Organic Shopping Guide: The Most Important Foods to Buy Organic
Last month, the President’s Cancer Panel released a troubling report: many widely used synthetic chemicals, including some of the most common pesticides used on food crops, have never been properly tested for safety, and may well cause cancer in people exposed to them. The panel urged Americans to eat more fruits and vegetables grown without the use of synthetic pesticides to prevent cancer.
Just days later, a study published by researchers at Harvard and the University of Montreal revealed that children exposed to higher levels of organophosphate pesticides appear more likely to develop ADHD.
And this month, a group of French scientists released a study linking organochlorine pesticide exposure to Parkinson’s disease.
If all this bad news about the potential health problems associated with exposure to pesticides has you itching to switch to an all-organic diet, you’re not alone. But in many stores, organic fruits and vegetables are still significantly more expensive than conventional produce, and especially in the midst of a recession, not everyone has a grocery budget that can accommodate all-organic food shopping, all the time.
Health conscious consumers on a budget just got a lucky break: The Environmental Working Group has released a helpful Shopper’s Guide to Pesticides. EWG’s science-based report lists the fruits and vegetables that are most important to buy organic. It also points out the produce that picks up the lowest pesticide loads when grown conventionally. This way shoppers with limited funds to spend on organic foods — and who still want to limit their pesticide exposure — can choose their fruit and vegetable purchases wisely.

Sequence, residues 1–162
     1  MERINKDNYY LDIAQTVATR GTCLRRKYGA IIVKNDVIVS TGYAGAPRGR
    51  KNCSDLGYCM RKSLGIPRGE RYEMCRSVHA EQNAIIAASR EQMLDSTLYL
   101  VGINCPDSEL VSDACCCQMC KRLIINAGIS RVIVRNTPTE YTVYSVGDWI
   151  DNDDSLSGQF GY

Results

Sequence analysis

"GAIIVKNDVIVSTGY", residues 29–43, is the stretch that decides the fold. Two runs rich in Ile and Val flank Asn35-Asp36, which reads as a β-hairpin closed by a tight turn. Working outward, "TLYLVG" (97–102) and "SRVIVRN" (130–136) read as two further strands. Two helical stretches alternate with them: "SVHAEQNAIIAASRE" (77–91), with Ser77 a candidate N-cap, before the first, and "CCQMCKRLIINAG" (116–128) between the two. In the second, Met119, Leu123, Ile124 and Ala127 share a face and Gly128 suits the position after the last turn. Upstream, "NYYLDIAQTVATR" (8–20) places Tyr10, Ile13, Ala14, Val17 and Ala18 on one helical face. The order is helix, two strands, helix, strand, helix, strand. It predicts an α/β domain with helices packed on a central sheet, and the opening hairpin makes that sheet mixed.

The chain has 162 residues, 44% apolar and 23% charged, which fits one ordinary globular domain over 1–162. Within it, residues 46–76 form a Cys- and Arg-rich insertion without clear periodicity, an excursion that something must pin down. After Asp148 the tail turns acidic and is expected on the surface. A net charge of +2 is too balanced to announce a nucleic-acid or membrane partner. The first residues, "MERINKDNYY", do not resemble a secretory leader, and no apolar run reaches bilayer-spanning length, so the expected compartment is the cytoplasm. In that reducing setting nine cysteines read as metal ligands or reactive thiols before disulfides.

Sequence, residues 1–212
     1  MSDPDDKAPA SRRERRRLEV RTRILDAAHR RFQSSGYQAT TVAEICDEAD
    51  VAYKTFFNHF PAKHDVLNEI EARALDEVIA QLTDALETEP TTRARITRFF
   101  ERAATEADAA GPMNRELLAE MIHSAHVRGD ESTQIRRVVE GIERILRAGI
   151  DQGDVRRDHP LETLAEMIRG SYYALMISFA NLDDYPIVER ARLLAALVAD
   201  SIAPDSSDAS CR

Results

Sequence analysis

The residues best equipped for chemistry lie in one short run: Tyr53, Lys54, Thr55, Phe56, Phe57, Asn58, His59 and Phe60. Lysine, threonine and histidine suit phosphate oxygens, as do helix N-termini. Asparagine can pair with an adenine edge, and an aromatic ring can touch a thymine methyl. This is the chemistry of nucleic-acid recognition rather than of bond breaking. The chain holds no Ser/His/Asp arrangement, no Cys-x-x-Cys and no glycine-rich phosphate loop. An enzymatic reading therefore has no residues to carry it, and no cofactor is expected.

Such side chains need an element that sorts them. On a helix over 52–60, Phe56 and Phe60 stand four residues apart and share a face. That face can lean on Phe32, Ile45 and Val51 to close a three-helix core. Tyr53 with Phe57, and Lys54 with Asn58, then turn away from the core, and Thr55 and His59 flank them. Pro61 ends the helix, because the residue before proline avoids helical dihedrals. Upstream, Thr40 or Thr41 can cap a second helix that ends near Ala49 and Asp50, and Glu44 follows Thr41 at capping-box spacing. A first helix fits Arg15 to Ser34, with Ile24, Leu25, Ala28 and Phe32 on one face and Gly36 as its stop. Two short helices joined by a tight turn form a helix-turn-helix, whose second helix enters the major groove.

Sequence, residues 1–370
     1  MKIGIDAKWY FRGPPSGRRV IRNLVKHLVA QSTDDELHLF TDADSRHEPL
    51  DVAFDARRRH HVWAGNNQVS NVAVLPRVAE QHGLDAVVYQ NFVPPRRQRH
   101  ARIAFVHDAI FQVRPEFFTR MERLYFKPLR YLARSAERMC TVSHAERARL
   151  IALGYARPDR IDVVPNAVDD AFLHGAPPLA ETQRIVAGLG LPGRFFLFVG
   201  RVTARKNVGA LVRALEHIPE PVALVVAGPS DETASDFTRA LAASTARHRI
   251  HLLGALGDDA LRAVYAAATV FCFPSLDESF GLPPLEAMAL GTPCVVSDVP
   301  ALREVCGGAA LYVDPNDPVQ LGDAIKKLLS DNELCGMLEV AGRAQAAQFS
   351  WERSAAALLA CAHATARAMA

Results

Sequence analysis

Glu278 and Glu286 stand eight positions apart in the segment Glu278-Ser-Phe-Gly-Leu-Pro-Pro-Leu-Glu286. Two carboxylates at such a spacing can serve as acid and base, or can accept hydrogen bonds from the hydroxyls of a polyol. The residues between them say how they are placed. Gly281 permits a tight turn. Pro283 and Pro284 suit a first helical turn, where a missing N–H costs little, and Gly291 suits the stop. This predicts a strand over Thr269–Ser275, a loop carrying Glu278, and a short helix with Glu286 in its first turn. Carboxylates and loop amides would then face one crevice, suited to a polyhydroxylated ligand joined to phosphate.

Conventionally grown celery, peaches and strawberries make the list of most toxic offenders -– EWG recommends shoppers always buy organic versions of those foods. But conventionally grown onions, avocado, sweet corn and pineapple all tested with very low levels of pesticide residue, so EWG deems those foods among the safest to buy without an organic label.
The Environmental Working Group website offers a free printable wallet-sized reference card with their best and worst food lists, so you can take it with you the next time you go grocery shopping. And then you’ll have a quick answer handy when you’re wondering whether you should spring for the organic kiwi fruit, or pay a little extra for organic potatoes instead.
Photo: One Day's Harvest, copyright 2009 Jaelithe Judy. Used with permission.